Reinforced Russian troops, backed by airstrikes, slammed across eastern Ukraine, blowing up bridges and bombing apartment buildings as they battled to capture two towns that would place a disputed province under Moscow’s control, Ukrainian officials said.
Russian and Ukrainian forces are fighting street by street in Sievierodonetsk and the nearby town of Lysychansk, regional governor Serhiy Haidai said.
The Russian strikes killed four people, including a mother and a child, in the nearby village of Hirske, Haidai said.
The cities are the last major regions of Lugansk province still held by Ukraine.
The Russian attacks are central to the Kremlin’s diminished wartime goal of seizing the entire Donbass region, where Moscow-backed separatists fought Ukrainian forces for eight years and established self-declared republics.
Russia has also stepped up its attacks around Bakhmut, a town in Doneskt, the other province of Donbass, the Ukrainian army said as the war reached its 101st day.
In recent days, the Russians have focused on capturing Sievierodonetsk, which had a population of around 100,000 before the war.
At one point they held 90% of the city, but Ukrainian soldiers reclaimed ground, Haidai reported on Friday.
Western military analysts have said Russia is devoting significant manpower and firepower to what British officials describe as a “creeping advance” into Donbass.
“The combined use of airstrikes and artillery has been a key factor in Russia’s recent tactical successes in the region,” Britain’s Ministry of Defense said in an assessment on Saturday.
He warned that after launching so many guided missiles, Russia is using unguided missiles which have “almost certainly caused significant collateral damage and civilian casualties”.
The Ukrainian General Staff said its forces repelled nine attacks in Donbass in 24 hours.
The claim could not be independently verified.
As Russian forces focus on taking Donbass in the east, Ukrainian troops have staged counterattacks in an attempt to regain territory in the south of their country.
After seizing most of the Kherson and Dnipropetrovsk regions, as well as the port city of Mariupol, Moscow installed local administrators, offered residents Russian passports and took other steps to consolidate its hold on the occupied areas.
The Institute for the Study of War, a Washington-based think tank, said Russian officials and troops were facing growing resistance among the local population and “an increase in partisan activity in southern Ukraine”.
The institute cited accounts on Russian Telegram channels of threats against residents who were issued Russian passports.
The Ukrainian Center for National Resistance, which has set up a website to advise residents on sabotage and other techniques, said Kherson residents are being encouraged to burn down a Russian passport center.
The Ukrainian military staff noted with satisfaction the difficulties encountered by the Russian occupation authorities.
He said Russian leaders in Kherson wore body armor and traveled in armored vehicles.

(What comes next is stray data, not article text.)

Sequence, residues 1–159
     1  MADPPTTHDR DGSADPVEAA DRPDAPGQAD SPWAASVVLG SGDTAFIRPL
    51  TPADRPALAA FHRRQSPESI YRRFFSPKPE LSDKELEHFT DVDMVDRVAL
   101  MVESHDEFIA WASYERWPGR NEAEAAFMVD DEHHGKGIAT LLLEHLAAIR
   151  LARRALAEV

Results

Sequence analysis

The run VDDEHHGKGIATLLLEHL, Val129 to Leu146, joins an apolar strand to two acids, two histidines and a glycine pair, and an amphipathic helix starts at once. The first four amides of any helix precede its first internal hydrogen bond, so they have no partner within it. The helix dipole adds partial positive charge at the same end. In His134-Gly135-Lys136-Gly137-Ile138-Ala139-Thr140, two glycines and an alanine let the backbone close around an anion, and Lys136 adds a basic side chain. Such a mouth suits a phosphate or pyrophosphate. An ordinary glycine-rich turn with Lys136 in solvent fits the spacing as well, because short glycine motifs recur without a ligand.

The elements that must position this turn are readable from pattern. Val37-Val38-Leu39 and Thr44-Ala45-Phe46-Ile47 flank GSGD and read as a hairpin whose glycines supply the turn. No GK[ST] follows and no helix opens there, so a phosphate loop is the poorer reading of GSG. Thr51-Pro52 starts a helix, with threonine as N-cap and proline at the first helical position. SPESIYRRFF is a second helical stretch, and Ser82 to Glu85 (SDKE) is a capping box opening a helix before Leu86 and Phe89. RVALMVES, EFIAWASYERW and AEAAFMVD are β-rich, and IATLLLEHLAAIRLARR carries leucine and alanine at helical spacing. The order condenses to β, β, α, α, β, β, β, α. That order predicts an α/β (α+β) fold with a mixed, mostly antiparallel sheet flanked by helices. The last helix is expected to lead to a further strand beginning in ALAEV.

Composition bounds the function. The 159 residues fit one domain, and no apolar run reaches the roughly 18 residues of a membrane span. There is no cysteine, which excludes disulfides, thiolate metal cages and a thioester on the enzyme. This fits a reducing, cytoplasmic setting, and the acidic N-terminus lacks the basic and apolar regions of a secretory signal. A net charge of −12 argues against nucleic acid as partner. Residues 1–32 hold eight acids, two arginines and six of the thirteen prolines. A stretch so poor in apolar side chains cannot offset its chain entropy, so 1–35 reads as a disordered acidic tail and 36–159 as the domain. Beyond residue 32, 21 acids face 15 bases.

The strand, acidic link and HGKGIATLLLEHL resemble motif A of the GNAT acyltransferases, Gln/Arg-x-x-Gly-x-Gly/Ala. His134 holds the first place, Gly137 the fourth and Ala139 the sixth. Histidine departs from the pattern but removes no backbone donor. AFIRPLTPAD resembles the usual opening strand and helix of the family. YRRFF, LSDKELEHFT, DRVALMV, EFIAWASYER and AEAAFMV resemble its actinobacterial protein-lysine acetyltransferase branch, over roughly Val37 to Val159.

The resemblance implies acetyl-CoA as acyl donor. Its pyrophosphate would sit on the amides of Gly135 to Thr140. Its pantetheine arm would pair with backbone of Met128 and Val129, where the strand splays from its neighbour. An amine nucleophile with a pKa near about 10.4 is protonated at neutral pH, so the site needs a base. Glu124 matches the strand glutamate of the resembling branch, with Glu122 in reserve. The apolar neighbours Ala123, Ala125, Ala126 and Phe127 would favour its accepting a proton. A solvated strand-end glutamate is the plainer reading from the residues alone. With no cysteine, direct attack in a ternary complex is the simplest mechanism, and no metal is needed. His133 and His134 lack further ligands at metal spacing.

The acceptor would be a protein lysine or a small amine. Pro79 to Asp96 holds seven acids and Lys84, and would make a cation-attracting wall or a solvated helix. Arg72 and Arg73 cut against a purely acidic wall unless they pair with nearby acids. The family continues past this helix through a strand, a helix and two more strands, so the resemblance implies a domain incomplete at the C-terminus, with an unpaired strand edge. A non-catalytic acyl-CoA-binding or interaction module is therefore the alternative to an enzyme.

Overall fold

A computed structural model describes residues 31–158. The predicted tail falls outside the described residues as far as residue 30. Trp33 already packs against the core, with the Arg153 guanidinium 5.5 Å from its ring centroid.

In other developments:
– The bodies of more than 1,300 civilians have been exhumed so far in the Ukrainian capital region following the Russian military withdrawal from the vicinity of Kyiv, the Ukrainian Interior Ministry reported on Saturday.
The bodies were sent to morgues for forensic examination and some 200 of the victims have not been identified, ministry spokeswoman Alyona Matveyeva said.
Since Russia’s withdrawal from the Kyiv region in early April, Ukrainian authorities have been collecting the dead, exhuming bodies from mass graves and working to document the killings and collect evidence for possible war crimes investigations. and possible lawsuits.
— A Russian rocket hit an agricultural site in the Odessa region on Saturday, injuring two, according to a regional military chief.
Odessa is home to Ukraine’s largest seaport and is therefore vital to the country’s ability to ship grain and other goods.
The rocket attack came hours after Ukrainian Foreign Minister Dmytro Kuleba tweeted: “Ukraine is ready to create the necessary conditions to resume exports from the port of Odessa. The question is how to ensure that Russia does not abuse the trade route to attack the city.
– Ukrainian presidential adviser Mykhailo Podolyak said in an interview published on Saturday that Russia suffered far fewer military casualties compared to the first six weeks of the war.
The lower numbers could make Russian commanders believe “that they are fighting successfully”, Podolyak was quoted by the Meduza website as saying.
Speaking on Ukrainian television, he expressed optimism that new weapons supplied by the West and promised to Ukraine could change the “mathematics” of war.
— A driver accompanying journalists was killed and two Reuters journalists were injured on Friday when their vehicle came under fire on its way to Sievierodonetsk.
The identity of the driver was not revealed and the circumstances of the attack were unclear.
Reuters reported that photographer Alexander Ermoshenko and cameraman Pavel Klimov were injured while riding in a car provided by Russian-backed forces on a stretch of road under Russian control.
Four days earlier, a French TV journalist was killed when his armored vehicle was hit by Russian shrapnel near Sievierodonetsk.